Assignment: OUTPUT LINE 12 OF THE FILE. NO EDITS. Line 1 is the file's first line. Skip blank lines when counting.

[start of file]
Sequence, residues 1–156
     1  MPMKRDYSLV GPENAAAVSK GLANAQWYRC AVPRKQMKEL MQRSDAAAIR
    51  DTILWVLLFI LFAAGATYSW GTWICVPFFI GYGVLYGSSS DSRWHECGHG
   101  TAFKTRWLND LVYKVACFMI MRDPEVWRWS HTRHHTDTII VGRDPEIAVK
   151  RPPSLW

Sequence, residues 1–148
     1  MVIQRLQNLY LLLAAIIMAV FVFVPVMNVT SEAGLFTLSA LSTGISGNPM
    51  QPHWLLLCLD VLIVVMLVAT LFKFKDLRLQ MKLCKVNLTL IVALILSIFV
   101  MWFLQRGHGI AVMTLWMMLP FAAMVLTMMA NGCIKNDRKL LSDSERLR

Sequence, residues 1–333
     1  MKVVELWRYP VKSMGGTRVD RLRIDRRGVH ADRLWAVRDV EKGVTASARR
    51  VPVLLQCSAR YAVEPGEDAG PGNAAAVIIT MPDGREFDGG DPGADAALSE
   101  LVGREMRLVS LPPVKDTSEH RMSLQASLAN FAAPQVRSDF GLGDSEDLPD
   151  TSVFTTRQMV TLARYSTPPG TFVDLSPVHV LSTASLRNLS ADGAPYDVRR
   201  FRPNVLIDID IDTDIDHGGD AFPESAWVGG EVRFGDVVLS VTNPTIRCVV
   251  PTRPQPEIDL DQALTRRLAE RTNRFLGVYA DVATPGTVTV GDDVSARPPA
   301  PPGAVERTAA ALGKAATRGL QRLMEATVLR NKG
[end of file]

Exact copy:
    51  VPVLLQCSAR YAVEPGEDAG PGNAAAVIIT MPDGREFDGG DPGADAALSE